HCL Technologies CMO Matt Preschern: On content marketing and keeping the C-suite sweet
Seth Godin, in his acclaimed 2003 book Purple Cow, succinctly described the biggest issue marketing departments around the world face. If an audience doesn’t have the money to buy what you’re selling, you have no market. If an audience has no time to appreciate your pitch, you’re invisible. And if they do have time but decide they don’t want it, you’re in even more trouble.
The book may be approaching its teenage years, but the situation today is more relevant than ever. More explicitly, there is an ocean of choice and a vacuum of time that makes it so difficult to be heard. Any possible differentiation – be it video, SoLoMo, or those occasions where you’re present at the birth of a new social platform – is gratefully received.
Yet sometimes doing the basics right is more important than anything else. Content marketing is not exactly different. It’s similar to what the journalism trade calls Ninja Turtle syndrome – everyone is doing this, we have to do it as well – but for Matt Preschern (left), chief marketing officer at HCL Technologies – and a confirmed disciple of Purple Cow – quantity over quality in content can lead to a slippery slope.
“The most important thing is to develop purposeful content that allows you to achieve the business objectives that you’ve laid out,” Preschern tells MarketingTech. “I always ask the team…is our content remarkable? What are we doing to differentiate ourselves from the sea of sameness? In that context, more is not necessarily better.
“We have to as a marketing and communications community go back and really ask ourselves, is this video, this whitepaper, this short paragraph, actually making a difference?” he adds. “I’m very nervous that many companies and colleagues are so much on the volume side of it as opposed to really stepping back and saying ‘you know what, this doesn’t live up to what we actually want to do’. I push our teams very hard along those lines.”
Preschern is certainly a hands-on CMO, still checking copy from his teams on a regular basis; a fact he admits drives them “crazy”. And his hands-on nature is little wonder; HCL Technologies is one of the biggest brands in the world, with Q116 revenues of $1.54 billion. The firm secured a lucrative contract with Manchester United to undergo a long-term digital transformation and innovation project, of which Preschern was a key cog in the machine. Yet for all the awareness that a good piece of content creates, it’s difficult to judge the ROI – a point Preschern dutifully notes.
“I think as a marketer you have to be careful to not calculate the ROI of a content piece,” he explains. “My personal view is if you go down that path you’re going to have a really hard time. The question I like to ask is what’s the ROI of an integrated campaign, in a specific industry vertical, where we may want to position data and analytics as a key topic, and then as a campaign on a very specific notion of targeted outreach. What’s the return on investment for [the] entire set of activities, as opposed to the individual pieces? If you get too granular, you’re going to have a hard time making an impact.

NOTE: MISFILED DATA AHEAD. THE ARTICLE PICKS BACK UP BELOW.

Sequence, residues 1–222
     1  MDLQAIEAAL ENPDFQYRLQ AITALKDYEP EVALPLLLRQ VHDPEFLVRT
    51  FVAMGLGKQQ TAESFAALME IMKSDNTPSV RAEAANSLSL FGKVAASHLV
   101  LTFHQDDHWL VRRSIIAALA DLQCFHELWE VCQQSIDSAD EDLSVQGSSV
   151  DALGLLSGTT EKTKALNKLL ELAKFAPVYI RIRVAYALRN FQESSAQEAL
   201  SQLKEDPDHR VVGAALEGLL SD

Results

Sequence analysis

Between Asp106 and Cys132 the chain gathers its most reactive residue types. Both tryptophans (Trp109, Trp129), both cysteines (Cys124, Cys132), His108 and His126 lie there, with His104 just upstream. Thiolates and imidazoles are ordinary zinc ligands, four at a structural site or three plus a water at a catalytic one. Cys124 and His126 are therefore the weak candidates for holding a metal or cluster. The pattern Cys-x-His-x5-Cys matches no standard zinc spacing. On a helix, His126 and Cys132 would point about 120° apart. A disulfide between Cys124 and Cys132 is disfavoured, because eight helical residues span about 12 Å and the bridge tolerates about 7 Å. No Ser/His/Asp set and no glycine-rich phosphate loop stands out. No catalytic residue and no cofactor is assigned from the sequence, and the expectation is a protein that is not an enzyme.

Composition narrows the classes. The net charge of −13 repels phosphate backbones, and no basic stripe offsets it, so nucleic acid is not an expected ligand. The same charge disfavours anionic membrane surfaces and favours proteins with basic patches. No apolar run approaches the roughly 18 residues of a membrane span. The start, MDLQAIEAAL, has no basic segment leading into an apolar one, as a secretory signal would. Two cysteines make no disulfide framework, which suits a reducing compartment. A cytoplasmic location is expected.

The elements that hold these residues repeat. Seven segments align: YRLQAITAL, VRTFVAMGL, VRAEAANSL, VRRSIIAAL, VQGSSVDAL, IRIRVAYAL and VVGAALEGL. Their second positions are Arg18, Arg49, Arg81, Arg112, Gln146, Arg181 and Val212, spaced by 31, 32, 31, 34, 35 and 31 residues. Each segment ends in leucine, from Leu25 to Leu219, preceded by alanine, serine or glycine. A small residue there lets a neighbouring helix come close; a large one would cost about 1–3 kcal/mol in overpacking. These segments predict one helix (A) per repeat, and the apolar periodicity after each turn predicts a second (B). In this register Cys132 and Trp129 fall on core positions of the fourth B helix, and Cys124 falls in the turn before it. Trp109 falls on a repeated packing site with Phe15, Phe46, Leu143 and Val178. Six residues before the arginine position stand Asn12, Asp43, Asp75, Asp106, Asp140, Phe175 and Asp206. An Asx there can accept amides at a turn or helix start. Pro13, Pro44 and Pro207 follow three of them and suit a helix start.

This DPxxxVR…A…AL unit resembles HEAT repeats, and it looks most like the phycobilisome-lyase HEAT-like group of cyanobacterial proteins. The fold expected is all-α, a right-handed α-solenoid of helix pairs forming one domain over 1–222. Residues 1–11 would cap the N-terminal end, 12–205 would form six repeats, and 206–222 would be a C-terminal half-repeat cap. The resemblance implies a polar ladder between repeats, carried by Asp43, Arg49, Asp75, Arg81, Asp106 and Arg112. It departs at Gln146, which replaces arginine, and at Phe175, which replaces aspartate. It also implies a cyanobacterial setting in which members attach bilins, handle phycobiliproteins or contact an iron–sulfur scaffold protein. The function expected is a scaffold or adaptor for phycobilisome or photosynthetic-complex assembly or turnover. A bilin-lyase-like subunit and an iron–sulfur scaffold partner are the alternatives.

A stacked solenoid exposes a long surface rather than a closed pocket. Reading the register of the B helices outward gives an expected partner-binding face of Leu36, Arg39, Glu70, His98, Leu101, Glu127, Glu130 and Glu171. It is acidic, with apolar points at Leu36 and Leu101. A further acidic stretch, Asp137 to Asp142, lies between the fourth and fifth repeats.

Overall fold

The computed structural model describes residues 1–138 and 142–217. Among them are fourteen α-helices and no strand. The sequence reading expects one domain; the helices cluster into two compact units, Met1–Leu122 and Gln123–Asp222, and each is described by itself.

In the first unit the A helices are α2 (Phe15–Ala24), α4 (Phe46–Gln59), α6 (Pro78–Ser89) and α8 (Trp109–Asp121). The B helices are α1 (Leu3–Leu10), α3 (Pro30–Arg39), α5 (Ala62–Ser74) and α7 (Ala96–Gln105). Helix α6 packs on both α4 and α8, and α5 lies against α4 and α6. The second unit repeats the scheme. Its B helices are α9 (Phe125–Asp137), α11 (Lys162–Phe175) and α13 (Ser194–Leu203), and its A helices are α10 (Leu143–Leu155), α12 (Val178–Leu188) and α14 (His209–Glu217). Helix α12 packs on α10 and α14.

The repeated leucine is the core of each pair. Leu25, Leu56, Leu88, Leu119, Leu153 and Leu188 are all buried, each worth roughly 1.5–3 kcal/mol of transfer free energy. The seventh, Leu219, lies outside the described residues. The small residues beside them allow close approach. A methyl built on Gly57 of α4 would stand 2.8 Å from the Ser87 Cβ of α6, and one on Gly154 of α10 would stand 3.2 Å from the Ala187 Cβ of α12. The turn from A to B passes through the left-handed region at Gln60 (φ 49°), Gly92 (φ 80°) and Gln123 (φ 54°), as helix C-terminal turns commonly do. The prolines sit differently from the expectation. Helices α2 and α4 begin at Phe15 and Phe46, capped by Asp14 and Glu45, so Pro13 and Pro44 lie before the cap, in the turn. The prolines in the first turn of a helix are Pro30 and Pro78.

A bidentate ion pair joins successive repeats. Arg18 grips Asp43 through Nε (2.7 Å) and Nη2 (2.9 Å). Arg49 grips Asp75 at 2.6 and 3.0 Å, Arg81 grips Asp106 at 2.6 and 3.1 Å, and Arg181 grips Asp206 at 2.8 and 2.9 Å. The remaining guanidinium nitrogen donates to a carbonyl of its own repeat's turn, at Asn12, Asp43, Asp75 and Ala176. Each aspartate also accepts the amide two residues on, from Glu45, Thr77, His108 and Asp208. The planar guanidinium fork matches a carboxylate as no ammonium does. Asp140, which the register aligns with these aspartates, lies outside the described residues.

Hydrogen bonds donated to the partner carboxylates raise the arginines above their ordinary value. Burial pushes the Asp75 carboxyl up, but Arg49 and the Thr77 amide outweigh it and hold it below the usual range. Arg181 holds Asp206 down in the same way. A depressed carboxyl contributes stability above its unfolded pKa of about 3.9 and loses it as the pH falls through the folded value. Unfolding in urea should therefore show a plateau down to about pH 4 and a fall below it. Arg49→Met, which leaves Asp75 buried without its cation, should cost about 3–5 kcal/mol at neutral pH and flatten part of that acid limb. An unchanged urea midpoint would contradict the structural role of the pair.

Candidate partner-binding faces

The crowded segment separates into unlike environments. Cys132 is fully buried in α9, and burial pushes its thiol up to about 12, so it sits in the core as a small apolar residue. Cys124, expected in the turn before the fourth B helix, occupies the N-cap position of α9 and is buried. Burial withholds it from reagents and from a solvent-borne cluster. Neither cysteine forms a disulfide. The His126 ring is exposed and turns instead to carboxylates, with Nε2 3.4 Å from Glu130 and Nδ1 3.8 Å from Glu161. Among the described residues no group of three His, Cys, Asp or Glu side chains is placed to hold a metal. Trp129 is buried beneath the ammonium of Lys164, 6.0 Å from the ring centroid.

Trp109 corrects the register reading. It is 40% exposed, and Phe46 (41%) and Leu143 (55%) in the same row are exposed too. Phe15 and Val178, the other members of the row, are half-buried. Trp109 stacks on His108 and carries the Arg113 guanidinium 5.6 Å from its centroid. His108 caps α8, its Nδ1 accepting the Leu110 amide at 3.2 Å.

“I do think that the biggest mistake marketers can make is that you get mired within what we have to develop, our own marketing metrics, and engagement metrics, and at times do not tie them back to the overarching performance of the company at large,” adds Preschern. “I can tell you that, as a CMO, I don’t have that luxury.”
Preschern’s philosophy is simple: define what specific business objectives you are trying to accomplish; look for a bigger theme as opposed to a specific level of content; and find the right balance between paid and organic, but most importantly to ‘develop purposeful content that allows you to achieve the business objectives that you’ve laid out’. On a wider theme, relationships with the rest of the C-suite are naturally key. If your marketing needs to assist the sales process, then you need a good relationship with the heads of sales. If you want to integrate more data in your marketing, then you need to be close to your CIO. If you want to position your brand authentically, your employees are key. “Marketing is a team sport,” Preschern observes.
But if we go back to Seth Godin and the somewhat precarious relationship between the consumer, with more choice than ever, and the marketer, with more data and information about the consumer than ever, what can we take away? “I personally believe that we live in an age today where the power paradigm in effect has shifted, and whether you’re a consumer in the B2C space or a decision maker in the B2B space, your access to information [and] your ability to interact and research as to who you’re doing business with changes the entire interaction model,” says Preschern.
“You have to assume that any time a customer interacts with you, they have probably done a significant amount of research and work on their own. As a marketer [you have to ask] are we using the right vehicles, whether that’s social listening, whether that’s all the transactional data, but increasingly some of the big data which very often is unstructured,” he adds. “Are we using that, and are we creating personas or profiles of those decision makers without necessarily being ‘creepy’?”
Get the most out of your data and get the right metrics for your content campaigns, therefore, and you might just have a chance.
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